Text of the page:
With the state unable to end a program that places homeless families in hotels, Danvers is facing a record $250,000 in costs to transport homeless kids to school and increasing demand on a local food pantry.
The rising costs and increasing demand for local services surprised local officials, who were expecting the state to phase out the use of hotels as emergency shelter.
“We were told the program would be over with by June 30,” Town Manager Wayne Marquis said. “It now doesn’t appear that will be happening. We’re in the trenches of a statewide problem.”
Governor Deval Patrick included $12.3 million to fund the use of hotels as emergency shelter in his proposed $36 billion state budget for fiscal 2015. Families are placed in hotels only when the state’s 2,000 permanent shelter beds are occupied.
Currently, there are 2,100 homeless families living in hotels across the state, according to the most recent data from the state Department of Housing and Community Development . In Danvers, 178 families, about 8 percent of the total, are living in three hotels in town.
‘The state will use hotels/motels as long as the Emergency Assistance system has more families in shelter than shelter beds.’
Federal spending cuts to housing and food subsidies, ongoing high unemployment, and rising rents in Greater Boston are among the factors contributing to record family homelessness, a state spokeswoman said.
“In the summer and fall of 2013, the number of households requesting shelter rose beyond all our expectations or experience,” Emily Fitzmaurice, a Department of Housing and Community Development spokeswoman, wrote in an e-mail.
“The state will use hotels/motels as long as the Emergency Assistance system has more families in shelter than shelter beds.”
Danvers state Representative Theodore Speliotis — who favors ending the use of hotels as emergency shelter — noted Patrick’s budget proposal includes $167 million to restore and repair 900 to 1,000 units of affordable housing that will be used to provide emergency housing for families.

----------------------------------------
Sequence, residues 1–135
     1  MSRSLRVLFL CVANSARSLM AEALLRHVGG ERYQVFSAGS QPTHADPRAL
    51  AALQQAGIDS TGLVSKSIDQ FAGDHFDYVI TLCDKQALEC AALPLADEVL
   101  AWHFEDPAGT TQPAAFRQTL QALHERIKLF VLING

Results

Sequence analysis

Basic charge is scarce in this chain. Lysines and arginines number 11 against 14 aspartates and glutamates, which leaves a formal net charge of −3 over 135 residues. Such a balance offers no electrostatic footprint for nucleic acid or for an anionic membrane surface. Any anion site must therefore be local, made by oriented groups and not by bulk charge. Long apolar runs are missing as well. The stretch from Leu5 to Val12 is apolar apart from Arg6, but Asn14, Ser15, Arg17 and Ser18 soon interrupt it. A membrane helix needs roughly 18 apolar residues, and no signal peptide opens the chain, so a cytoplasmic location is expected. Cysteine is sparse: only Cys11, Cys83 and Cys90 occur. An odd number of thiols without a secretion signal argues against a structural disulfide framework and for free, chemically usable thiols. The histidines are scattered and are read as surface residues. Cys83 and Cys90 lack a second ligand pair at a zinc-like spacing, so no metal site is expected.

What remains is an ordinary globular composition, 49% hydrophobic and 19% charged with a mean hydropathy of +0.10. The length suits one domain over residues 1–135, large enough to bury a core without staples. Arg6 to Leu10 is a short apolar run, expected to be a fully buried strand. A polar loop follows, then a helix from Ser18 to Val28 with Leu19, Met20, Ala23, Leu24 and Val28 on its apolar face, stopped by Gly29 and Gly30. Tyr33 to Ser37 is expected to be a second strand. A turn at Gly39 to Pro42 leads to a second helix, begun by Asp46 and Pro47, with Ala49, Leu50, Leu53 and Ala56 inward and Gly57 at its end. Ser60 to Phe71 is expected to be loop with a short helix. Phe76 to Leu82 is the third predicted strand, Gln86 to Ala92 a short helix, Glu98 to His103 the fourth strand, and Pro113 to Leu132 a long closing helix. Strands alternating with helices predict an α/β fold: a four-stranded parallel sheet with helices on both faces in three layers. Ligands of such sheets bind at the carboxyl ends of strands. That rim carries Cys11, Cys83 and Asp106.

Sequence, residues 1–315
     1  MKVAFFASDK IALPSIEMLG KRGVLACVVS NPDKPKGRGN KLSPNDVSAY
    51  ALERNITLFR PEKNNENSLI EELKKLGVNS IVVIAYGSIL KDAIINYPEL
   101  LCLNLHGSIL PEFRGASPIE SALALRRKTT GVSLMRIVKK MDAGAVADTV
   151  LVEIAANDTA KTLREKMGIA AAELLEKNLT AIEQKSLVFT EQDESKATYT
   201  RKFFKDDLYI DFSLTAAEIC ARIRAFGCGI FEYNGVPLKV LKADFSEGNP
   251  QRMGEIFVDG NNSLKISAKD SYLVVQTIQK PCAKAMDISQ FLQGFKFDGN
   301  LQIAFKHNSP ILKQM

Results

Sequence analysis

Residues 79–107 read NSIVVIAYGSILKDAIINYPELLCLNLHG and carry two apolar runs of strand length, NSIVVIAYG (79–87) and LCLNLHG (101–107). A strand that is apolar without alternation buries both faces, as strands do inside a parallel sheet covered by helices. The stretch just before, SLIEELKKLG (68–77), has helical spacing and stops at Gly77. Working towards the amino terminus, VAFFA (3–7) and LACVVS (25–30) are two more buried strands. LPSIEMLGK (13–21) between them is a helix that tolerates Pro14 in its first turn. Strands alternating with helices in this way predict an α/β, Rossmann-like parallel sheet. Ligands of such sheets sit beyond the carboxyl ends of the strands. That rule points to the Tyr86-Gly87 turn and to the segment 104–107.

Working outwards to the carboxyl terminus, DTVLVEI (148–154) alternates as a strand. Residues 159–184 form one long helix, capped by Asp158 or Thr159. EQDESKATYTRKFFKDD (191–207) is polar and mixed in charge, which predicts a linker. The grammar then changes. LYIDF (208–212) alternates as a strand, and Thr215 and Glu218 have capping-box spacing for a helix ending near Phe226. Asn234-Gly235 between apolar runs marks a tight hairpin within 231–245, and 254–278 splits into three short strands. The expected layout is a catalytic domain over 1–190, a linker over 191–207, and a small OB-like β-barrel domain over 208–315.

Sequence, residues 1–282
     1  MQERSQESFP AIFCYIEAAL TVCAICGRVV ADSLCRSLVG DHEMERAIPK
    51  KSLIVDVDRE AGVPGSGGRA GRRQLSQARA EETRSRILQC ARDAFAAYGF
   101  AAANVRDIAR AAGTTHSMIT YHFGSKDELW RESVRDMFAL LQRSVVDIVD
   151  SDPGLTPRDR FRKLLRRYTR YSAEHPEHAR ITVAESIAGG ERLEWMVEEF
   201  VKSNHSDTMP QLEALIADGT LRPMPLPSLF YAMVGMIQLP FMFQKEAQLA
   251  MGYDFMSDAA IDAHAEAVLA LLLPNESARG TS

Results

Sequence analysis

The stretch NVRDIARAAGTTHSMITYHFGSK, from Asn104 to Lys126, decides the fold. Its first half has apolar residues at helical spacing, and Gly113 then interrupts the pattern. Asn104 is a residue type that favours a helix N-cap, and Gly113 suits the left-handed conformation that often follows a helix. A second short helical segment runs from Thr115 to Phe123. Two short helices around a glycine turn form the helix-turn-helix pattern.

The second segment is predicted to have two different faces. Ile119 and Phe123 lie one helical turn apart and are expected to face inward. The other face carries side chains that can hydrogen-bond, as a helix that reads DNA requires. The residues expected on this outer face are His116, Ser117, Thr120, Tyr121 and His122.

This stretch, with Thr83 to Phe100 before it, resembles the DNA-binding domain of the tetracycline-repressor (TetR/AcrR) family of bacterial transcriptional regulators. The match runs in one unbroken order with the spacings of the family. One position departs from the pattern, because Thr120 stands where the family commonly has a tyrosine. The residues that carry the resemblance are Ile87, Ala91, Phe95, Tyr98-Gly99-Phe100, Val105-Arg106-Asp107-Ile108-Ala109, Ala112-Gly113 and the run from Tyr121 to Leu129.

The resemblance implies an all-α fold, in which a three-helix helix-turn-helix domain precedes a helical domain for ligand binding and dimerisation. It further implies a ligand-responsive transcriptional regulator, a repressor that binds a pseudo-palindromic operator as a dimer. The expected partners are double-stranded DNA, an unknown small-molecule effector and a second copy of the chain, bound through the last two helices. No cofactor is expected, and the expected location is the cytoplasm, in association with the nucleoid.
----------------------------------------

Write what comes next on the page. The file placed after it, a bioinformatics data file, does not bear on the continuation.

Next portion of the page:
“That would reduce the use of hotels and that’s heading in the right direction,” Speliotis said. “I’m encouraged that the budget addresses this. I think the legislature will respond favorably to the request. “There now are 148school-age children living in Danvers hotels, school officials said. About half of them attend school outside Danvers, in the community where they lived before becoming homeless.
Federal law allows a homeless student to attend school in their home school district. But transportation costs must be shared by the home district and the district where their shelter is located.
By the time school ends in June, Danvers expects to spend $250,000 on homeless transportation costs. “It’s the most expensive year we’ve ever had,” said Keith Taverna, the school department business manager.
Communities are entitled to be reimbursed for their costs by the state. But the rate of reimbursement varies. Two years ago, the state reimbursed communities 100 percent for homeless transportation costs.
But emergency state spending cuts last year reduced the amount to 70 percent.
And Patrick’s budget proposal also calls for 70 percent reimbursement, town officials said.
At that rate, Danvers is looking at a deficit of $75,000 or more.
The school district is keeping a close eye on spending, such as purchasing supplies, to cover the gap.
“It’s very hard to budget for homeless transportation costs,” said School Superintendent Lisa Dana.“We use the best indicators we can to anticipate the costs, but the number [of homeless students] can change overnight.”
The high number of homeless families also has strained a food pantry run by the nonprofit Danvers Community Council.
“We’re grateful for the state assistance,” Marquis said. “Our food pantry supplies most of the families with the food they eat each week.”
The town now is trying to raise $35,000 to pay for Project Sunshine, the town’s summer recreation program for homeless kids. A bus picks up kids at the hotels and takes them to local parks and on field trips with other Danvers kids.
“We didn’t expect to offer it this summer,” Marquis said.
“But we’re launching another effort to fund it for the kids.”
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